Thursday, August 18, 2011

Role Playing to Learn Communication

Updated 3/2017-- all links (except to my own posts) removed as many no longer active. 

I was alerted to this Archives of Surgery article (full reference below) by MedPage Today:  Role Playing Boosts Surgical Residents' Bedside Manner.
I find it intriguing.  Role playing gives you a chance for a “do-over” when you make a social or communication faux pas. 
So much of medicine is communication.  Those of us who have been at it for years, deliver bad news differently (learned the hard way) now than we did previously.  You choose your words more carefully (though I still occasionally screw up).  Some words are more emotionally charged than others.  Some patients want more information than others. 
The University of Connecticut Health Center conducted a prospective study  of a pilot projected designed to  teach surgical residents patient-centered communication skills.
The study offered 44 general surgery residents the opportunity to participate in the three-part patient communication curriculum: A pre-test, training, and a post-test.  Only 30 completed all three parts.
The pre-test assessed general communication skills awareness of the resident while he/she delivered a new diagnosis of either breast or rectal cancer to a patient. The evaluation was done by a standardized patient instructor.
The training portion required residents to attend a 90-minute workshop that involved a lecture from a professor of surgery and formal instruction from the director of the center's clinical skills program, followed by a 30-minute role-playing session.
The post-test assessment re-evaluated the residents by the standardized patient in a crossover fashion (those who previously participated in a breast cancer diagnosis now participated in a rectal cancer diagnosis and vice versa).
The study authors concluded:
Residents' assessment of their patient communication skills indicates that there is an immediate need for a formal educational curriculum. Our results show that case-specific improvements seem more amenable to measurable improvement than general communications skills, at least with the limited short-term training that we used. Such skills can be assessed over a longer period, perhaps by incorporating this model and assessments from year to year.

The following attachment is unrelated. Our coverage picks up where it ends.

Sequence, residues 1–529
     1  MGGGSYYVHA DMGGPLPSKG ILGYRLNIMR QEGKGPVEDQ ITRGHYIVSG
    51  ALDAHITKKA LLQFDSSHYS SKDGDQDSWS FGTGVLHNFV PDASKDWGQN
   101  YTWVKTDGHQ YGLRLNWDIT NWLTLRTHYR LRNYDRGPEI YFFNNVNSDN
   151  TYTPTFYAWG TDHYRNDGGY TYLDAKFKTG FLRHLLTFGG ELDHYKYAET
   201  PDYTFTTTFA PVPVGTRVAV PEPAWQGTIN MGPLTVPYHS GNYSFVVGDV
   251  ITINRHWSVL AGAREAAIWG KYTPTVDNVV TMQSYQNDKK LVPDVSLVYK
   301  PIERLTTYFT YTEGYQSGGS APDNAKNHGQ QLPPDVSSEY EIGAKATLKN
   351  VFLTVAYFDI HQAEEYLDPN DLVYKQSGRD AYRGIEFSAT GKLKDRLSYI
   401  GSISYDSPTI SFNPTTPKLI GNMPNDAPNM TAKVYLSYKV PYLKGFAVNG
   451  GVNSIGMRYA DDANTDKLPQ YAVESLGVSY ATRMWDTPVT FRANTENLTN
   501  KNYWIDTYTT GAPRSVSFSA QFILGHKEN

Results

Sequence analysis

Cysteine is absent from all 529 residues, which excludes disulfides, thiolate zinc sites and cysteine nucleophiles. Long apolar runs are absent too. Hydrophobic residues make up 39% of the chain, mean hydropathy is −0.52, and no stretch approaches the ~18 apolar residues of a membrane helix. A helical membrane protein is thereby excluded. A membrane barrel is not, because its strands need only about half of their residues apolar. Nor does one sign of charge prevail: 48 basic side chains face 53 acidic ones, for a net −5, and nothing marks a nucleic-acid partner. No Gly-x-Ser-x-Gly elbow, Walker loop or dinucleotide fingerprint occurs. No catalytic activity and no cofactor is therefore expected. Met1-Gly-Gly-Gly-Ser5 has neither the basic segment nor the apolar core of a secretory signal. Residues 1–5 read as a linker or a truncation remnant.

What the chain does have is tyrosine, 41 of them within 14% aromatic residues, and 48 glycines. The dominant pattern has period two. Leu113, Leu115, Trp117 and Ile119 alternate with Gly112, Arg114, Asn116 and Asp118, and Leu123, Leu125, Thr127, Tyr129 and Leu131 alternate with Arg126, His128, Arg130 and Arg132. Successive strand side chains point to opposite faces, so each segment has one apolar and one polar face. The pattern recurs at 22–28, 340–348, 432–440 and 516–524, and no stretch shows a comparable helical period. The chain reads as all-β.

Surgical and nonsurgical residency programs will benefit by helping residents incorporate patient needs and opinions into the care team's decision-making process. Principles such as emotional support, transition and continuity of care, provision of information and education, involvement of family and friends, and respect for patient values and preferences will form the basis of our educational series.

Pretraining and Posttraining Assessment of Residents' Performance in the Fourth Accreditation Council for Graduate Medical Education Competency: Patient Communication Skills; Rajiv Y. Chandawarkar; Kimberly A. Ruscher; Aleksandra Krajewski; Manish Garg; Carol Pfeiffer; Rekha Singh; Walter E. Longo; Robert A. Kozol; Beth Lesnikoski; Prakash Nadkarni; Arch Surg. 2011;146(8):916-921.


Minneapolis Plastic Surgery said...

Thanks for this insightful post. Few know how hard it is to deliver the worst possible news you can give a patient.

Chrysalis said...

I'd have to say, I believe that while you struggle to find the "right words", it's important to use the right tone.

A gentle, calm, caring, and supportive tone is needed. Ah...yes, this is bad, but I will help you through this. We will team together to help you in whatever way we can.